Currently, if you receive a transition to retirement pension, you can ask your fund trustee to treat your pension payments as lump sum payments for income tax purposes. Most people pay less tax on their lump sums as opposed to a pension. Lump sums are subject to tax at fixed rates which are generally less than the marginal tax rate that may need to be paid with respect to a pension.
What can trustees do before 30 June 2017
Given that the Government is making these changes to the taxation of pensions and the taxation of income on pension assets, the question that arises is; what superannuation strategies should fund members be considering now?
One strategy is that; where you are in receipt of a transition to retirement pension and aged between 56 and 60, you consider electing to have your pension payment taxed as if it were a lump sum.
Consider Vicky; in the past, if she commenced a transition to retirement pension before age 60, that pension would be subject to income tax if it was sourced from a taxable component. In this case, the pension would be taxed at marginal income tax rates, less a 15% tax offset.
If Vicky is aged between 56 and 60, has a marginal tax rate of 47% and commences a taxable account based pension with a balance of $1,000,000, then the minimum pension payable is 4% or $40,000. Vicky’s pension is taxable at marginal income tax rates, less a 15% tax offset. As her marginal tax rate is 47% the tax payable is $12,800 (ie 40,000 x 32% (47%-15%)).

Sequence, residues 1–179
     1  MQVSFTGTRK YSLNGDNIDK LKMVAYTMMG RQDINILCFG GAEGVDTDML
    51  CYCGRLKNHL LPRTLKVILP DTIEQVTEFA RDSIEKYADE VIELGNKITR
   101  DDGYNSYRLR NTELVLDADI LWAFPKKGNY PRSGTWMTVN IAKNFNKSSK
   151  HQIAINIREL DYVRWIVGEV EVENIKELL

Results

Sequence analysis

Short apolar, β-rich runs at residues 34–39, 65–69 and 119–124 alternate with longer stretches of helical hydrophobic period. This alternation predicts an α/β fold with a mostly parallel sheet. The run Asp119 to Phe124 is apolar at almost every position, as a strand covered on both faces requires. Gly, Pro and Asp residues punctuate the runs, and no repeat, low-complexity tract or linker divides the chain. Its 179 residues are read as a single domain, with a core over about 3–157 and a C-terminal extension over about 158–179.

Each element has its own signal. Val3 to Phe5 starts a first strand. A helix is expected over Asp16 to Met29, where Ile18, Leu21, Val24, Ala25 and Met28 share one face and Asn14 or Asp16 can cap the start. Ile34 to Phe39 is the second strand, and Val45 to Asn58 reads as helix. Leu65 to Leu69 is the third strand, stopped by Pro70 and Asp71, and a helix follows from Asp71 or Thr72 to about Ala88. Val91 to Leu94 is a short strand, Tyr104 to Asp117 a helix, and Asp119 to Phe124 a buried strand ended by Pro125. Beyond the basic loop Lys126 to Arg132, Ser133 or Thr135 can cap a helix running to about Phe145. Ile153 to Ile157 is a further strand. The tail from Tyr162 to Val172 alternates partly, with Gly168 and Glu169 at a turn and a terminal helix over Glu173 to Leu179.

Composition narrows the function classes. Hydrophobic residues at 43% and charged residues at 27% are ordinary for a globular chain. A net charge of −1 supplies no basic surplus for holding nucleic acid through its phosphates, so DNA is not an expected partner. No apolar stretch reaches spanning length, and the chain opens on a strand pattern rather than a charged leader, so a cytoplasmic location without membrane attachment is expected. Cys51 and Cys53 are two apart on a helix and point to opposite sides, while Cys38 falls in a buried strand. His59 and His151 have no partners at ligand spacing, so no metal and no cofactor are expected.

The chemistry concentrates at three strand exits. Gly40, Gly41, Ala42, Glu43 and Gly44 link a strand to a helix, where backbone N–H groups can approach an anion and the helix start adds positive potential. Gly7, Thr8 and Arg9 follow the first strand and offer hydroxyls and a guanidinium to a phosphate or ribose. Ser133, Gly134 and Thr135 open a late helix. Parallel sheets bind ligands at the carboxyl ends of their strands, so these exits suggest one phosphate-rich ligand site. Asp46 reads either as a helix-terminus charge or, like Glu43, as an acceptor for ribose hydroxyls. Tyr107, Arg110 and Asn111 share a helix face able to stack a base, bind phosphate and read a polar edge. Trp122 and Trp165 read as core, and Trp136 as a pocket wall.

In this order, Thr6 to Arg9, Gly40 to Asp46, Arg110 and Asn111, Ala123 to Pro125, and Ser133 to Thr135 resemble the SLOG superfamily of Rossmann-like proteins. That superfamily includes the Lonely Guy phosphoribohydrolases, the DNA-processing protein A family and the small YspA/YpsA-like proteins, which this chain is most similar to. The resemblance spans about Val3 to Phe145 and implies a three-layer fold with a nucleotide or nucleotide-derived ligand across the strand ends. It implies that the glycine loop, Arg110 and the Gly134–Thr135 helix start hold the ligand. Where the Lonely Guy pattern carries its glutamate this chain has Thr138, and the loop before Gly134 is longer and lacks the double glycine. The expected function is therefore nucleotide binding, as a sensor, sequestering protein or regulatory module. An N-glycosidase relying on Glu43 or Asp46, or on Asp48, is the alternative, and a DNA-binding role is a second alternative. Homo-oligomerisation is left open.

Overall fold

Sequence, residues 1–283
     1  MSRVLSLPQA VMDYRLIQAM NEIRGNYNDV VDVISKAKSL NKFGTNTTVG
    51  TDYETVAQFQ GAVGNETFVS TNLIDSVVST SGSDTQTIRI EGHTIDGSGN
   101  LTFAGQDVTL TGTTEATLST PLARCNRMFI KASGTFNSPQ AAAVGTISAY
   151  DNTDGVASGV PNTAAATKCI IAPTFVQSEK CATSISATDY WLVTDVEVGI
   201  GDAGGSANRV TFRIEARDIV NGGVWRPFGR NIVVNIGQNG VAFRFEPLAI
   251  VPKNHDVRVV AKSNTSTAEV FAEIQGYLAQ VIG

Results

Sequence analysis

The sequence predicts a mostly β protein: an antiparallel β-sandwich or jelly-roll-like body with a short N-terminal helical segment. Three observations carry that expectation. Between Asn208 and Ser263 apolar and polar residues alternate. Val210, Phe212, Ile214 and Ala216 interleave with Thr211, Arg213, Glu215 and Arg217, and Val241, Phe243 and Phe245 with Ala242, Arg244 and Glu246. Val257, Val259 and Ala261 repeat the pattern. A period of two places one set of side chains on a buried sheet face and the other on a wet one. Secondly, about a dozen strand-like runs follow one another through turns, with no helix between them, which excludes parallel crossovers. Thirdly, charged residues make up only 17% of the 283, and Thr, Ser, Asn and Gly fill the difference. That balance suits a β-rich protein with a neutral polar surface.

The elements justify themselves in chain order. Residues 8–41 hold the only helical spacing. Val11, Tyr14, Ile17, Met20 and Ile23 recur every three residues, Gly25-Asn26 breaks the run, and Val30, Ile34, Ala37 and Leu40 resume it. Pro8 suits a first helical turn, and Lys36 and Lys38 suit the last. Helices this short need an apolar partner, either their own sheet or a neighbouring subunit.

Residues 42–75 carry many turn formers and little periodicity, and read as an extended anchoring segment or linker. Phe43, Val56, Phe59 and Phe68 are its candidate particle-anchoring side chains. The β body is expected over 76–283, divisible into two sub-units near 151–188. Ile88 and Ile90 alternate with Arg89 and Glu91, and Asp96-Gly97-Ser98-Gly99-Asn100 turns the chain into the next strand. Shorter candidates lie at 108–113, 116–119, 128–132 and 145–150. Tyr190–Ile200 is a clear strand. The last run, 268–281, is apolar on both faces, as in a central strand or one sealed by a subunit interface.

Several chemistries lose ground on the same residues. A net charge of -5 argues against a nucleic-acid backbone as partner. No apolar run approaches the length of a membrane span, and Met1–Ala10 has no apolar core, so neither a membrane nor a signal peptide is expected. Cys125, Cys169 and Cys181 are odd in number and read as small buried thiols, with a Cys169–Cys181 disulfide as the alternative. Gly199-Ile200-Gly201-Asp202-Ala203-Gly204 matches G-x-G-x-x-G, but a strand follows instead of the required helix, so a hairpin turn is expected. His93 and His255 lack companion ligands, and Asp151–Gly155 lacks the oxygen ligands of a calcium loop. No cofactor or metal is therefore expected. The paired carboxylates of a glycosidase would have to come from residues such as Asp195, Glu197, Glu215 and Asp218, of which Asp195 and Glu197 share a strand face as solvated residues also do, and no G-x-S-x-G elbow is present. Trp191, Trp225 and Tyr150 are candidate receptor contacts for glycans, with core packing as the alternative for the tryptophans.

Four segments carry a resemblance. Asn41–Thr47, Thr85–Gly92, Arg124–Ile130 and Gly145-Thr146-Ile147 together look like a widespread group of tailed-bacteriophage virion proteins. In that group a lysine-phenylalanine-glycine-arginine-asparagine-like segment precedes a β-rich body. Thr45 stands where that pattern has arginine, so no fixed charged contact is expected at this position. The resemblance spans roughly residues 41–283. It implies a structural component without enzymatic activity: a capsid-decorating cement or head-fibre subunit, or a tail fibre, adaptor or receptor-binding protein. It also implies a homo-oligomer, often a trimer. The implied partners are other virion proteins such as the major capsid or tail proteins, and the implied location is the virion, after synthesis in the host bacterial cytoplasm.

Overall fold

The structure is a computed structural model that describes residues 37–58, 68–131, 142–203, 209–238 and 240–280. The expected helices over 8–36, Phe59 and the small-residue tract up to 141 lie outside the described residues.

Vicky could elect to receive the pension income stream as a lump sum benefit. In this case, the lump sum is received tax free, provided the total amount of taxable lump sum benefits do not exceed $195,000 for the year ended 30 June 2017. If the amount exceeds this threshold, it is taxed at 15%.
In the past it was assumed this option was not generally available for members between the ages of 56 and 60 because, in most cases, they would not have retired meaning that their accumulated superannuation benefit could not be withdrawn from the fund as a lump sum. It was assumed that if a member could not withdraw a benefit as a lump sum, then they could not elect to have that pension taxed as if it were a lump sum.
However; recent private rulings and other announcements from the Australian Taxation Office (ATO) indicate that although a fund can’t pay a lump sum to a member where the benefit is preserved, this does not mean the member can’t elect to have a superannuation pension payment taxed as if it were a lump sum.
So, if Vicky in the example above elected to have her pension payment taxed as a lump sum under the Income Tax Regulations then the benefit is received as a tax free lump sum, and Vicky saves $12,800 income tax. Additionally, once the pension commences, the earnings attributed to her pension account in the fund are also tax free.